There were over 40 groomed runs last night giving us plenty of options for fresh corduroy. Like the powder snow, the corduroy on the top of the mountain will be soft and smooth but expect the bottom to be a bit more variable. Hit up Inspiration first thing and enjoy a few inch blanket of snow to float down the mountain on.

Bring out the fat boards today because we are going to be surfing all day long. It is time to recharge the batteries, stretch out the legs, and charge into another day of powder skiing. The forecast looks great with continued snowfall through the weekend and falling temperatures this afternoon..

post #280 of 454
Quote:
Originally Posted by sibhusky View Post

I wondered about this, so looked back on my ski diary for a day that I was talking about bad weather.  Here's the snow report from that day by the mountain.  Positive "spin", but if you read it you'll know what you are in store for:

 

Today's Deep Thoughts:


8:00am The snow has stopped for now and the winds have remained pretty good. They are holding around 10mph which is very manageable. Just talked to patrol and they said visibility is about 200 yards and the snow is a thick cream. Skiing will be good today up top so make some turns until your legs are to tired to continue.

6:00am We have had 2' of snow in the last 72 hours and it is still coming down up here. There has been mixed precipitation in the village area overnight but it is all snow right now. The snow on the summit will be a sweet Big Mountain Cream and it will probably start to thicken as you approach Russ's Street. The snow in the village is thick but it will still make for some great surfing.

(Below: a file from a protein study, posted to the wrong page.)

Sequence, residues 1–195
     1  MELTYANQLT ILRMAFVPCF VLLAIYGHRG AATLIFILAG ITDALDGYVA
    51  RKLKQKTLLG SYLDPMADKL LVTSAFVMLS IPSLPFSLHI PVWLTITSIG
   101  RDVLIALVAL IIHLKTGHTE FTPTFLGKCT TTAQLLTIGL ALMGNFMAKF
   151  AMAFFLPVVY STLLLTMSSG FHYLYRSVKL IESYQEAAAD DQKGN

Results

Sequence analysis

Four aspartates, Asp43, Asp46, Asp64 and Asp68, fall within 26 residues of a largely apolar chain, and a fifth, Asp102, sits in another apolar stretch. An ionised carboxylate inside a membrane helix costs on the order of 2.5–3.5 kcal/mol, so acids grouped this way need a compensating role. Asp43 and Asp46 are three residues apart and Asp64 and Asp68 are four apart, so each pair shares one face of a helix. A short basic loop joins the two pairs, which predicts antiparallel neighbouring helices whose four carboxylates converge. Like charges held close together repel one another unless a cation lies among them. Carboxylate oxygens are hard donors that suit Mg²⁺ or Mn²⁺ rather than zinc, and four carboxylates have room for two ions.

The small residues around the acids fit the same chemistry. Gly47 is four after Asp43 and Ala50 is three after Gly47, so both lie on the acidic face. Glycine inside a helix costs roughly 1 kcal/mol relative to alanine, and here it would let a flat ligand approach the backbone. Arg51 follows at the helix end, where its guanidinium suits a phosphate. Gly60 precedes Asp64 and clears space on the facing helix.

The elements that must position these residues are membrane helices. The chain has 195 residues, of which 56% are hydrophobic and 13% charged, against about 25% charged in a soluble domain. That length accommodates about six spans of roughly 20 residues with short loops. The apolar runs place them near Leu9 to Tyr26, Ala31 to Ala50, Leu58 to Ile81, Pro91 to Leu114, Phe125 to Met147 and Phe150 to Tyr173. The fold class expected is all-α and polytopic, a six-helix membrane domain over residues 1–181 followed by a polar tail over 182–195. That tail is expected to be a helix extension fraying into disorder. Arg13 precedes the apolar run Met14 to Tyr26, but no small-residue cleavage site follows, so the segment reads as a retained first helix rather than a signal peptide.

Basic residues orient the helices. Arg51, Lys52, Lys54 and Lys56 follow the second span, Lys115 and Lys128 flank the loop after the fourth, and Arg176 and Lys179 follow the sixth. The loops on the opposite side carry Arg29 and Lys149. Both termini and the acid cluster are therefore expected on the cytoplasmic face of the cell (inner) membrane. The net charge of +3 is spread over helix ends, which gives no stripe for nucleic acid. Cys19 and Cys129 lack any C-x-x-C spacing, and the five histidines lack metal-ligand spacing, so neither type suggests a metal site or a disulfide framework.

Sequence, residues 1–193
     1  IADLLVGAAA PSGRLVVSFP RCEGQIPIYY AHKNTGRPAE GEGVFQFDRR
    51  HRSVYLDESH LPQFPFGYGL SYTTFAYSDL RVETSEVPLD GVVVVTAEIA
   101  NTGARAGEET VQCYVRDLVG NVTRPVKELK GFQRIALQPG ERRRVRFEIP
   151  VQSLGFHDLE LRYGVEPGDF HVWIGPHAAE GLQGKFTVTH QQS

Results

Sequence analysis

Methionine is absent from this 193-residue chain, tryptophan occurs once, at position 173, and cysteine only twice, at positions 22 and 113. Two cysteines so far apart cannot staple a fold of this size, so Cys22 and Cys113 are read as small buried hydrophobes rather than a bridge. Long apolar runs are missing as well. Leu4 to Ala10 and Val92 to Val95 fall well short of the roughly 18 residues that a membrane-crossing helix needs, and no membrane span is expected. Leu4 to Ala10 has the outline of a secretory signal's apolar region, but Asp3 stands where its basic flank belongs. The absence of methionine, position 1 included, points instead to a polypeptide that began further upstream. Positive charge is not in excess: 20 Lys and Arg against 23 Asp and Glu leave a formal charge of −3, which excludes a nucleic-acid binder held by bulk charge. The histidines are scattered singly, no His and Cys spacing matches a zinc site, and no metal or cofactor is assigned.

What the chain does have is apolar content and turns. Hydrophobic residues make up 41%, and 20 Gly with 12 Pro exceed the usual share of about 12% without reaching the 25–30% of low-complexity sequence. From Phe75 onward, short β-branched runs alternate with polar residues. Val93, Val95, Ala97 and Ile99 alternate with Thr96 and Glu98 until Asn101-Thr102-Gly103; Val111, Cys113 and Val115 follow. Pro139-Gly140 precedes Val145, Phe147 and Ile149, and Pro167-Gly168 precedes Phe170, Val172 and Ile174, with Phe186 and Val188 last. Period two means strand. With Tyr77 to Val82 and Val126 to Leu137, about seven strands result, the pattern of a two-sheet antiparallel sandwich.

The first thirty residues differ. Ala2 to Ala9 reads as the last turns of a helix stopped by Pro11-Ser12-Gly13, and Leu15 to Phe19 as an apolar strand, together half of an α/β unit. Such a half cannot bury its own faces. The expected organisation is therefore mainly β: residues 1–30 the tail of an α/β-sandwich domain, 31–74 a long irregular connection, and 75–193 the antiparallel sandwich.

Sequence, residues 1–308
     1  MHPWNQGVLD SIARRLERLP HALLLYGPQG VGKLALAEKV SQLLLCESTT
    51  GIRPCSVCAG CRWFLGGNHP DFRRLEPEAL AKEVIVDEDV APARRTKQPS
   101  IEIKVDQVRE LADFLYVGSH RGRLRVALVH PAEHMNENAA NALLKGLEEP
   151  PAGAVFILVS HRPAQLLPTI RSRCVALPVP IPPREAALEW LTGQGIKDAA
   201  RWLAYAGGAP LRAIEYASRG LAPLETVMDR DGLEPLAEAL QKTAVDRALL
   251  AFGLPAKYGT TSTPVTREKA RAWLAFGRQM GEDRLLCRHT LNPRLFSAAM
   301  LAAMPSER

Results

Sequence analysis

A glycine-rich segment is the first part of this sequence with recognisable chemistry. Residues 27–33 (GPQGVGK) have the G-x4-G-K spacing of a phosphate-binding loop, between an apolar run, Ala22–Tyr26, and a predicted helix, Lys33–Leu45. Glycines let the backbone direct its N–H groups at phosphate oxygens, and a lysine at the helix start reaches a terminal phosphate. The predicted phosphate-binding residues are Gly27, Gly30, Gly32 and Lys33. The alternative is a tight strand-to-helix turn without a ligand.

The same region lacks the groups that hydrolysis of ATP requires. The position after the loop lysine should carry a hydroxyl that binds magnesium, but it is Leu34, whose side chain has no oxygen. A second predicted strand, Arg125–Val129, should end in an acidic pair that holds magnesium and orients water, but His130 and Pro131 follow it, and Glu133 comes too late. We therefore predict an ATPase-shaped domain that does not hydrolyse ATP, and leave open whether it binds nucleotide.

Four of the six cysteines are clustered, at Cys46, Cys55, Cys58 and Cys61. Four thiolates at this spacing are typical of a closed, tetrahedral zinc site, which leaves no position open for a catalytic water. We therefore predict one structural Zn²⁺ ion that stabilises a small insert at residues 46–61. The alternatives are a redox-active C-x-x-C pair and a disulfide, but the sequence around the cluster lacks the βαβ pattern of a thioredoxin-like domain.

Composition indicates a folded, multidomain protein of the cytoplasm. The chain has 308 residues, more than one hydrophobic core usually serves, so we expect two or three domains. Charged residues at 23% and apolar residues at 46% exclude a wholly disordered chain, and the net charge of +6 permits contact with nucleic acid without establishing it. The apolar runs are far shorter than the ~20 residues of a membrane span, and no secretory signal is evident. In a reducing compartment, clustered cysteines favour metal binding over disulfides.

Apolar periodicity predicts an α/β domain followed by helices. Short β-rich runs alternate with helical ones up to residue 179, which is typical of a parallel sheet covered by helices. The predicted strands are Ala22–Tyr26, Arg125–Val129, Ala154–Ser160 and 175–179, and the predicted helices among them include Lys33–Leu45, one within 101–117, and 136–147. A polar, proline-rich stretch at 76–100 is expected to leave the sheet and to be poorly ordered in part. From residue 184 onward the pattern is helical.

We could see another few inches by the time we open so lets see what the morning brings. Skiing was fantastic yesterday and there is more fresh snow to enjoy today. The top half of the mountain will be the place to be since it has had consistent snowfall all night long. Wear your best waterproof gear today because it will be wet and the winds are supposed to really pick up through out the day.

There were over 40 groomed runs last night giving us plenty of options for fresh corduroy. Like the powder snow, the corduroy on the top of the mountain will be soft and smooth but expect the bottom to be a bit more variable. Hit up Inspiration first thing and enjoy a few inch blanket of snow to float down the mountain on.

Bring out the fat boards today because we are going to be surfing all day long. It is time to recharge the batteries, stretch out the legs, and charge into another day of powder skiing. The forecast looks great with continued snowfall through the weekend and falling temperatures this afternoon..

In short, the weather is crappy, but the skiing is good on the upper mountain. Really not too bad a report with some useful info about wet weather gear and expected wind.

post #281 of 454